A. With roots that can extend more than 20 feet below the soil and seeds that remain viable for as long as 50 years, field bindweed (Convolvulus arvensis) is a formidable foe in agricultural lands and home landscapes. Fortunately, bio-control programs in Colorado, Texas, and other western states have identified a natural enemy of this invasive plant pest, the bindweed gall mite (Aceria malherbae). Imported from southern Europe, this microscopic mite feeds only on bindweed and closely related wild morning glories, and has proven highly effective at controlling bindweed without the use of herbicides.
“I believe we will always have some bindweed,” says agricultural program specialist Terri Locke, of the Colorado Department of Agriculture Insectary. “But we will always have some mites to keep it in check. We have been working with this project for about 14 years and have found it to be very, very successful.”
While bindweed mites seem to be most effective on dry soils, Locke says she has seen the bio-control do wonders in irrigated fields and lawns. “Our lawn used to be infested with bindweed, and now it is bindweed-free. I have worked with skeptics of bio-control in general, and they have come around to accepting the mites as a good control. I have multiple sites where the mites took so well that the bindweed is gone.”
“The mite is very slow-moving,” explains Jerry Michels, Ph.D., a professor of entomology at the Texas AgriLife Research and Extension Center, Amarillo, Texas A&M University System. “It works best on bindweed infestations that can be mowed 7 to 10 days after the mites are released and then every so often after that. This scatters the mites on clippings. Left to themselves, they move at a rate of about a meter or so per year. With mowing, they can spread several hundred meters in a few days.” Because the mites spread so slowly and are so closely linked to field bindweed, they pose very little risk to other plants in the landscape, even those that are closely related to bindweed.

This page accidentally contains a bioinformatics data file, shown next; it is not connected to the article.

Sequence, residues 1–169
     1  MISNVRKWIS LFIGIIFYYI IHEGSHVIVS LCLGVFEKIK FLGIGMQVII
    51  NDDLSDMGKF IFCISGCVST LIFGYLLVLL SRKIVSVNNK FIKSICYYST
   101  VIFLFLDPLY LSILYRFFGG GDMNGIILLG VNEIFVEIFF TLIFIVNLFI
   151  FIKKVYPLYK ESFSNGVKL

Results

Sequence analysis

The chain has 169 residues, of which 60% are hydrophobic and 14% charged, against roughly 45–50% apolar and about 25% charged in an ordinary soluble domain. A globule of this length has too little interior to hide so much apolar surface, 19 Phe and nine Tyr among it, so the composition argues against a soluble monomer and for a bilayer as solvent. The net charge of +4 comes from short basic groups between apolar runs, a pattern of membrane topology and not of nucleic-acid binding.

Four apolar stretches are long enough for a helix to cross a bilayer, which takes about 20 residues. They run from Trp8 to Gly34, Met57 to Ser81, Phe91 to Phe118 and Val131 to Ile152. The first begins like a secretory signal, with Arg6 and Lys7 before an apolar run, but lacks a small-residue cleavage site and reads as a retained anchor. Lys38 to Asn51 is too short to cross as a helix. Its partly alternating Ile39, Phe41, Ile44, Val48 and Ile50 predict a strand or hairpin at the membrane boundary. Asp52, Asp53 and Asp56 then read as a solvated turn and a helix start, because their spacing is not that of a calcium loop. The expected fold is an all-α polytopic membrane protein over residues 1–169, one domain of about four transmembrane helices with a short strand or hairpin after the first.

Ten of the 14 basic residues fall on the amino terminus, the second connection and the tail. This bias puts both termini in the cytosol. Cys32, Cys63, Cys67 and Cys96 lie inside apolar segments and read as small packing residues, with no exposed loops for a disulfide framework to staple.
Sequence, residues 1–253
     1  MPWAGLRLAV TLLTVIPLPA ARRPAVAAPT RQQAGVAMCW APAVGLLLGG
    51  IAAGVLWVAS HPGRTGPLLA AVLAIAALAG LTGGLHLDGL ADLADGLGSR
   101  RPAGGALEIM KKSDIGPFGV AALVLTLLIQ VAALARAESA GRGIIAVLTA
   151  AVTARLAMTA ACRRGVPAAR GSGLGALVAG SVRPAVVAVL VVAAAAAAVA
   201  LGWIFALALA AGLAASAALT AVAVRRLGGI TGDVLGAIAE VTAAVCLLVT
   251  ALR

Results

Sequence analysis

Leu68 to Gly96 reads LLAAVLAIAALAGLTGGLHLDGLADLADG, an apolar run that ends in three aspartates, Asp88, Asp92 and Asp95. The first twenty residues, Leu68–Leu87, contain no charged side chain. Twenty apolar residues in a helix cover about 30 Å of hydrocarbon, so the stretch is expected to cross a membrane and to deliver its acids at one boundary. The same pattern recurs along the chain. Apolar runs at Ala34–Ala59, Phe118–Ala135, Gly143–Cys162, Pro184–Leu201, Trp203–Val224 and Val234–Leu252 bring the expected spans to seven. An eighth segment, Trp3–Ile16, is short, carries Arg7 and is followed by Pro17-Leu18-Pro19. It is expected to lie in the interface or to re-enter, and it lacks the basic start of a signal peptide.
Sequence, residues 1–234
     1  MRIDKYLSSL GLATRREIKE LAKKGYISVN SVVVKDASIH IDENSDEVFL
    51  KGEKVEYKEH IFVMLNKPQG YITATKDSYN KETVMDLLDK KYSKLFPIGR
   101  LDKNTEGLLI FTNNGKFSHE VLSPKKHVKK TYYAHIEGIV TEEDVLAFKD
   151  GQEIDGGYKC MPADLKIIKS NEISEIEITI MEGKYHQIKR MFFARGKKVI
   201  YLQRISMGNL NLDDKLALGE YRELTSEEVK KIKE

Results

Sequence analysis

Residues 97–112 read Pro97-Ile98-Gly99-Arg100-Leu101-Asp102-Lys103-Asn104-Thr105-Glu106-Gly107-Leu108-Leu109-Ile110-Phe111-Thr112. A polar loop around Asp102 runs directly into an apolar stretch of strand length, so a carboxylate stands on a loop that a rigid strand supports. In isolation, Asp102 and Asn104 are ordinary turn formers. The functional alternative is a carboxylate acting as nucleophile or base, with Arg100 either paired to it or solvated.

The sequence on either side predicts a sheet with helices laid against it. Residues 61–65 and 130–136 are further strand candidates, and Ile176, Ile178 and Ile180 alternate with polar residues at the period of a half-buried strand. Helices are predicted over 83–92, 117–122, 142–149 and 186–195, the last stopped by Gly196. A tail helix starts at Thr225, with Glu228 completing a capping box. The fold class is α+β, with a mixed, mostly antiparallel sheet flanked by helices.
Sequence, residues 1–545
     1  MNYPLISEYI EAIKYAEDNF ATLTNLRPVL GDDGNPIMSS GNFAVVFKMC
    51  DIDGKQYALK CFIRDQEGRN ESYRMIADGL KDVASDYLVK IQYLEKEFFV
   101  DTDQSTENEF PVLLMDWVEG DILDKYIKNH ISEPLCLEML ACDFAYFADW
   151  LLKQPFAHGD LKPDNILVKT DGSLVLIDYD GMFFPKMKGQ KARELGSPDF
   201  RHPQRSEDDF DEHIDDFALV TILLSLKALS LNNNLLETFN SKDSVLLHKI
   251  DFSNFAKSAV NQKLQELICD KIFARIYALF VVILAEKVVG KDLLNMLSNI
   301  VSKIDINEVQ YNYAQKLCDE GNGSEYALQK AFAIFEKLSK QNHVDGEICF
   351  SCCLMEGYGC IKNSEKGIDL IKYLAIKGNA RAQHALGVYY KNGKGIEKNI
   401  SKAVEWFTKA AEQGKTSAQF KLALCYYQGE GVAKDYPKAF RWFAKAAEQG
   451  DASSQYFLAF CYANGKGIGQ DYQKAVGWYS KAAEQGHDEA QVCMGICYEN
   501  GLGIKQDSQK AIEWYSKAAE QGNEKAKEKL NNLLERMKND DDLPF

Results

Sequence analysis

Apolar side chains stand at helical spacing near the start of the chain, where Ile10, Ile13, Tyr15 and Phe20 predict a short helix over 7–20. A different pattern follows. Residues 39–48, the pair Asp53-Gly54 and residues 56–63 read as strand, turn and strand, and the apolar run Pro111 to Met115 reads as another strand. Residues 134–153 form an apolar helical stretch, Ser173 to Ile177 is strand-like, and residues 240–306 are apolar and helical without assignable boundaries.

“From the results of the work we’ve done,” adds Michels, “the bindweed mite is specific to bindweed for reproduction and development. It can survive on a number of Calystegia [false bindweed] species for a short time, but it does not reproduce or, if it does, it causes minimal damage. There has been no evidence at all that they damage Ipomoea species [ornamental morning glories and sweet potatoes].”
Programs to distribute bindweed mites to residents are up and running in a number of states. Check with your state’s department of agriculture or Cooperative Extension service for availability. Establishing the mites in bindweed-infested areas involves putting bindweed that is infested with mites in direct contact with uninfested plants and letting nature take its course. Some patience is needed, too, Locke says. “Bindweed will not disappear from yards overnight. We are hoping to diminish its numbers so it isn’t such a pest for gardeners and farmers. It’s a balance of nature that we’re striving for.”
Locke adds that a moth (Tyta luctuosa) whose larvae feed on bindweed has now been established in Colorado and Oregon and is also being used to successfully control the noxious weed.
Bindweed spreads easily by self-seeding and through a creeping root system that is almost impossible to eliminate by hand weeding.
Originally published in Organic Gardening Magazine, April/May 2012